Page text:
"A Moroccan air force C-130 has crashed in the southern part of the country near Guelmim, according to the country's official Agence Maghreb Arabe Presse.
Reports indicate the aircraft went down in a mountainous area. The French news agency, AFP, reports at least 20 persons died in the crash, citing interior ministry sources. The air force operates 11 C-130Hs and two KC-130Hs, according to Forecast International data.
A C-130H Hercules transport aircraft has crashed in Morocco, according to breaking news reports.
Operated by the Royal Moroccan Air Force, the C-130 crash killed some 78 people and occurred as the aircraft was on the approach to land.
The incident saw the C-130H fly into a mountain located in Guelmine and, according to Moroccan armed forces officials, was caused by weather conditions.
The Moroccan Air Force C-130H had a total of 81 people on board, including 60 soldiers and 12 civilian personnel. As this article was being written, the recovered body count had reached 42, leaving tens more unaccounted for at this stage.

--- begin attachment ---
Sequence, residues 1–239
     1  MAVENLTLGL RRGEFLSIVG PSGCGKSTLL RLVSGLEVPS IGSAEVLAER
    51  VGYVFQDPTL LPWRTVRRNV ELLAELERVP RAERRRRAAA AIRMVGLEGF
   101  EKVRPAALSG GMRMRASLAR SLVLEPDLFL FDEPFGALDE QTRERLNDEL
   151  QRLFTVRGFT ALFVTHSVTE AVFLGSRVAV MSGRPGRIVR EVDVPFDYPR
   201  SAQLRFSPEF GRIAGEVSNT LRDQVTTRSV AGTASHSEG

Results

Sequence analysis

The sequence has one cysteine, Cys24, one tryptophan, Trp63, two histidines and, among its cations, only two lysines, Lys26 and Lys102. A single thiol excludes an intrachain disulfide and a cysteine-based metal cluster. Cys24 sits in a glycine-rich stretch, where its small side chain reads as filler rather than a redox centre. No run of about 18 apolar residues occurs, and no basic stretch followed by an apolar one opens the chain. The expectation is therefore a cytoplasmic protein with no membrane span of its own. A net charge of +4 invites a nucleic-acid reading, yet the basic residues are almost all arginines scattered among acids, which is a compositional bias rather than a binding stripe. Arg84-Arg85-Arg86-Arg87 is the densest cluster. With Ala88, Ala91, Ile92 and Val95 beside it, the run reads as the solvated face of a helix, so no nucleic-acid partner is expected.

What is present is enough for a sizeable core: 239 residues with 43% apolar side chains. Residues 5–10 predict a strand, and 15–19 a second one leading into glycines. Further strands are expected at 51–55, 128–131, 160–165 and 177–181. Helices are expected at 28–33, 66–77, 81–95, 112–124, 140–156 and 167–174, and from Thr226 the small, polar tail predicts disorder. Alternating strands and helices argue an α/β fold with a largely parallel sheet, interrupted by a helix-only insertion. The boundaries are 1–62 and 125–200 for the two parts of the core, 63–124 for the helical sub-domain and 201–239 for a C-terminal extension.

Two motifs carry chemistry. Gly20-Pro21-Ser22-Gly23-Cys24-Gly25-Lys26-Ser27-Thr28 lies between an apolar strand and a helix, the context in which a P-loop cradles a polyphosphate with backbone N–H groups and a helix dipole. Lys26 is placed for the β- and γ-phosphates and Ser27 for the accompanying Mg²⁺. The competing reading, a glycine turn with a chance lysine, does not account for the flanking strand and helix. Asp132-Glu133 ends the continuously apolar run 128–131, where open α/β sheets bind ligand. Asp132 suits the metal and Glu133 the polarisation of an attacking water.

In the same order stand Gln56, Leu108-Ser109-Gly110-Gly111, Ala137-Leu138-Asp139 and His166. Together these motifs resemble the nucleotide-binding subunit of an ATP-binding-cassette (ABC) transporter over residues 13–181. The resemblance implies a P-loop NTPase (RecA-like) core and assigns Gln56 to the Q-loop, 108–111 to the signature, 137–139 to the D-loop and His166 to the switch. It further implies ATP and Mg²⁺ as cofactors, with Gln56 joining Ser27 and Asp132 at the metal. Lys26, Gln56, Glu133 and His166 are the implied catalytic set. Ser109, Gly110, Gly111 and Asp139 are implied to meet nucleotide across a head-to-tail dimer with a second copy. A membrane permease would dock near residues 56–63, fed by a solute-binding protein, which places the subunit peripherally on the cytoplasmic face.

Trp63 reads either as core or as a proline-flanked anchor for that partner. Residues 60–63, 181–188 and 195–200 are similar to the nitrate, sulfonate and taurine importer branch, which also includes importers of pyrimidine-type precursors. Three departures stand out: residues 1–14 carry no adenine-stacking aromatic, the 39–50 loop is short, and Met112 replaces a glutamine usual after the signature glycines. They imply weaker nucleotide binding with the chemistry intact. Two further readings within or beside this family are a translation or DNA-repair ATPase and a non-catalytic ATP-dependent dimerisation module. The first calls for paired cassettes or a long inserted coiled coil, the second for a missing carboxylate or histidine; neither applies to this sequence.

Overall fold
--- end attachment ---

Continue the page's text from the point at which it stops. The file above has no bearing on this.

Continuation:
The Hercules had earlier taken off from Dakhla Airport in the Western Sahara and was due to have landed, later on, at Kenitra Air Base in the north of the country.
Moroccan Hercules Crash
The Moroccan Hercules crash now figures among the nation's worst aircraft incidents of the past 20 years - already producing higher fatality levels than the 1994 airliner crash, which claimed 44 lives.
The C-130 Hercules is the RMAF's most numerous transport type, with 12 in service prior to today's fatal crash. These serve alongside other variants of the basic design, including KC-130 tankers and RC-130 reconnaissance platforms.
The Hercules itself is a legend among post-war aircraft designs. First flown in 1954, it remains in widespread service around the world. No other type has enjoyed such a long production run and, in 2009, the 2,300th C-130 was rolled out"
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